Self-Appointed Authorities Can Be Dangerous To Your Health by Roy Burns

According to Webster's Dictionary, an authority is "a person with much knowledge or experience in some field, whose opinion is hence reliable: an expert." Unfortunately, many so-called authorities are "self-appointed." They want to be authorities, but they lack the training, experience, and/or ability to merit the position of an authority. However, they like to play the role of professor or guru. They like to be treated by others as if they had earned the respect they demand. Truly accomplished people command respect by their actions. Weak people demand respect in words.

The danger of "self-appointed" authorities is that they often give out advice that is harmful to young students. It is for this reason that I am suggesting the following ways to recognize these "phony" mind-bending characters. This is a sort of check list to help the young person avoid wasting time, energy, and money on unproven methods.

1. Self-appointed authorities tend to be extremely critical of big-name performers and teachers. To hear one of them tell it, "My system is the only one that works." When you analyze this point of view you realize that this can't be true. There are many great players who have used many methods and systems in order to develop themselves.

Self-appointed authorities spend most of their time talking "against" someone or something. They spend very little time being "for" something. Moral: It is easier to tear something down than it is to build something up.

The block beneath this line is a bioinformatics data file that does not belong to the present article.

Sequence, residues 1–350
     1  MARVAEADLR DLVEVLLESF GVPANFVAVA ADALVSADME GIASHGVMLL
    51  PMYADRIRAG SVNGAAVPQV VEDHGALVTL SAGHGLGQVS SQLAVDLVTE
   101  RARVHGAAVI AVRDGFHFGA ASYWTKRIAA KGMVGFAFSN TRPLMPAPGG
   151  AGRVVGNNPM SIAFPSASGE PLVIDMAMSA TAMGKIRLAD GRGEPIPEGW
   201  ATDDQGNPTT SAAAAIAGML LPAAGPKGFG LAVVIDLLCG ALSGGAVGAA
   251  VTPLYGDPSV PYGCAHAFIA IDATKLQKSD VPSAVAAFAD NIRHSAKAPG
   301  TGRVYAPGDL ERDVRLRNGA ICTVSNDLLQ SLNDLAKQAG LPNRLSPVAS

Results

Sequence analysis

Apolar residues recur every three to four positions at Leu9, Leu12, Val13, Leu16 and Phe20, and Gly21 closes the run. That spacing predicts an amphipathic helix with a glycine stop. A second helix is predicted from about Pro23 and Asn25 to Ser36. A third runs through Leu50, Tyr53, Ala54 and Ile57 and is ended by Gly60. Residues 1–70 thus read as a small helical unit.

2. Self-appointed authorities often make outrageous claims and assertions in order to attract the uninformed or naive student. Typical comments used as "hooks" to catch you are:

"Don't practice--technique is nothing."

"Forget the rudiments--they won't help you."

"Don't listen to certain drummers."

"It is not necessary to read music."

"Don't go to music school."

"Don't bother learning other percussion instruments."

If you notice, each one of these ideas is against something. Each line starts out with "Don't" or equally negative lines like, "Forget this or forget that." "Just listen to me" is the implied message.

3. Self-appointed authorities are often mysterious. One of the current scams is to pretend to understand "Eastern" thinking. What actually happens is that the authority reads a book on meditation and becomes an instant expert. Fully appreciating the value of any Eastern discipline takes years of dedicated work, much like learning to play a musical instrument.

4. Observe the other students this authority tends to attract. Are they positive, intelligent, hard-working, and talented? Or are they weird, introverted, weak, and disorganized? Whatever

the results of your observations of the other students, they should tell you a lot about the teacher, both positively and negatively.

5. If this "authority" is into drugs, the solution is easy. Get away from him as fast as you can, and keep away!

Self-appointed authorities come in all shapes and sizes. I was working in a club a number of years ago. When I came off the bandstand this rather sloppy-looking character said to me, "You play well ... but I can really help you." I could not tell if the guy was drunk, stoned, or just plain weird. However, you don't have to know why a guy is strange in order to protect yourself. I replied, "I think you should help yourself first."

6. Rarely, if ever, do self-appointed authorities play well. If they did play well they wouldn't need the "act." To put it another way, "Don't take driving lessons from someone who can't drive a car."

One last thought: Really great teachers, whether it's meditation or drumming, generally give "suggestions." "Why don't you try it this way?" Or, "Here is an easier way to think about it."

Great teachers rarely give advice. When a guy starts out by saying, "If I were you," you know that you are in trouble. This guy wants to tell you what to do with your life. I have never liked advice, but I have always welcomed "informed" suggestions. The key word is "informed."

Remember, truly qualified people don't mind questions. If they have earned a degree or just amassed great experience, they will only be too happy to fill you in on their background. Don't be afraid to ask for credentials. It is your life and your money!